Graham Reid | | 2 min read
Of all the blues-based guitarists who emerged in the late Sixties, none was more self-effacing, unprepossessing and sartorially consistent than Irishman Rory Gallagher (1948-95). He shunned most of the trappings of rock excess and appeared most often in jeans and a checked shirt (two decades before Seattle grunge made lumberjack shirts a fashion item).
Gallagher was a journeyman and if he lacked the flash of his peers such as Hendrix, Clapton, Jimmy Page and Jeff Beck (or even Robin Trower), his head-down rock-blues was delivered without artifice or much in the way of showy stage shenanigans.
In the early Sixties he worked his way up through showbands in Ireland -- which were as much a proving ground for young musicians as the chitlin circuit in the US or Maori showbands in New Zealand -- and by the late Sixties had formed the power trio Taste whose album On the Boards still stands up today.
Taste were briefly a Very Big Deal Indeed and played regularly at the Marquee, opened for Cream at their farewell concert in the Royal Albert Hall, toured the US with Blind Faith, played all the major festivals of their day and won wide respect from many fellow musicians. When asked how it felt to be the greatest guitarist in the world Jimi Hendrix said, "I don't know, go ask Rory Gallagher".
Gallagher went solo after Taste broke up in 1970, although in subsequent decades he had loyal bassist Gerry McAvoy and (usually) drummer Brendan O'Neill. They were a working band and he would work them hard. They played constantly -- were huge in Germany -- and went from club to concert hall and massive festival stages with equal ease.
The formula, if you could call it that, was simple and unchanging: blues with guitar solos, and usually a good old boogie-rock number to end with. Even as far back as his Photo-Finsih album in 1978, Rip It Up writer Ken Williams noted that "to uninitiated ears, Gallagher can sound as if he has made one album many times over. There is a grain of truth to this . . ."
He was a limited songwriter, only as good as most white blues guitarists when it came to his vocals, and as Carol Clerk observed in Melody Maker in 1980, he was one of those musicians you either love or hate. More correctly you either love or simply don't get, I think.
But although his name is seldom heard these days, other than perhaps when guitarist talk , he certainly commanded a big and loyal audience. Sometimes as big as it got.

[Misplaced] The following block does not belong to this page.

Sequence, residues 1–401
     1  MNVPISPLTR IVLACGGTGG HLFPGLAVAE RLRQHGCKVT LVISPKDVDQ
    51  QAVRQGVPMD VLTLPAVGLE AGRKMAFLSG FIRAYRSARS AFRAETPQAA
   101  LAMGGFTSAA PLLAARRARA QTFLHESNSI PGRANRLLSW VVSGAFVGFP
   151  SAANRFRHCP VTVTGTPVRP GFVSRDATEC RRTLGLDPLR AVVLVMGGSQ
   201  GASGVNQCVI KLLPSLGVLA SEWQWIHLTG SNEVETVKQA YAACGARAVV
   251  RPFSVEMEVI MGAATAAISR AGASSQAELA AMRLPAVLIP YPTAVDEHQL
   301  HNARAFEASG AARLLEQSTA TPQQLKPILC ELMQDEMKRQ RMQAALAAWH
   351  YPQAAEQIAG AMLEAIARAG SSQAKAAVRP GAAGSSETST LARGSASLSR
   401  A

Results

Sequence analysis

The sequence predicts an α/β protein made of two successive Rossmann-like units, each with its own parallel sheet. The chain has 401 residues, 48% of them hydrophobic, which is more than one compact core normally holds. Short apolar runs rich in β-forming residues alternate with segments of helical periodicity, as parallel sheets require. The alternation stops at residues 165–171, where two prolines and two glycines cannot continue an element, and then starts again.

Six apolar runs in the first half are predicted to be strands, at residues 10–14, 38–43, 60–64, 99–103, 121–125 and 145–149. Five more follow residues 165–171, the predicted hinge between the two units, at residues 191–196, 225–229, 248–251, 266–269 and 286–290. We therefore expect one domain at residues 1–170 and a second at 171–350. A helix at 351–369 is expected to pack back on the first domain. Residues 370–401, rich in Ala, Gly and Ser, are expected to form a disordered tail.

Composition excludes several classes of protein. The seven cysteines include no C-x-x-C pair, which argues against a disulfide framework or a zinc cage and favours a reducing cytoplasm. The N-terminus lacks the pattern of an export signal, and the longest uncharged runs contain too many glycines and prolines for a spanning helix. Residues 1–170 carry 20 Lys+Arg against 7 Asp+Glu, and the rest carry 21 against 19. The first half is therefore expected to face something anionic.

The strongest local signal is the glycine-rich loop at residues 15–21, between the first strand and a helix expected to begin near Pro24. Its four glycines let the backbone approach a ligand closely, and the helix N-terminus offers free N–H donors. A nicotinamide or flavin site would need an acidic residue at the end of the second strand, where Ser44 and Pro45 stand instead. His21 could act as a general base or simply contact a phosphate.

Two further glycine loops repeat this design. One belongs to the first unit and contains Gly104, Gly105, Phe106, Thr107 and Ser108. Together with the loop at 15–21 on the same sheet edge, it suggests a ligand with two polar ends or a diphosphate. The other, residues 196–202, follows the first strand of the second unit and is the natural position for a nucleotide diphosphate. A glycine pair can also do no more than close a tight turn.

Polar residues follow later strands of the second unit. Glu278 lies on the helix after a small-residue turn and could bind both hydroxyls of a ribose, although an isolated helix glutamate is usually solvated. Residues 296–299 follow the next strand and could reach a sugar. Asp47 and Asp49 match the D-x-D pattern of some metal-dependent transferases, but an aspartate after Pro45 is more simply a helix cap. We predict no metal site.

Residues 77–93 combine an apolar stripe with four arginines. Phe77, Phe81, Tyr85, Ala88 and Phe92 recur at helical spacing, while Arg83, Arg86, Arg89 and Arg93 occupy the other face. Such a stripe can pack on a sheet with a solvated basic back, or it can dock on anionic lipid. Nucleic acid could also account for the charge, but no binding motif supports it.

In 1977 he opened an all-star German television rock-fest and through simulcast reached an audience of more than 50 million, many of them behind the Iron Curtain.
He could play acoustic guitar, dobro and mandolin in addition to his notoriously battered 1960 Fender Stratocaster which he favoured. He opened for the best of his day, was apparently invited to join the Stones at one point (although they seem to say that about every plank-spanker these days) and was acclaimed by Clapton, Lennon and others.
He was nothing if not consistent, and those shirts eventually came into vogue.
This DVD set is an enormous amount of Gallagher -- three discs, over 10 hours of him playing live on various German Rockpalast televison shows -- but there are funny moments (not the least when the German commentator talks over Messin' with the Kid) and also some great guest appearances (Frankie Miller, Eric Burdon, Jack Bruce).
But mostly it is just Gallagher and his guitars.
Yes, it's a lot of Gallagher, too much for most I would think (too much for me) but as a legacy item you can't fault it.
In Ireland there is a statue to Gallagher, he has bars named in his honour and there are Gallagher tribute bands (which I guess don't sppend much on costumes).
Rory may be gone but there is no doubt his music lives on, especially in the hearts of those who respected a man who didn't feel the need to dress up and play the star in order to communicate with his audience.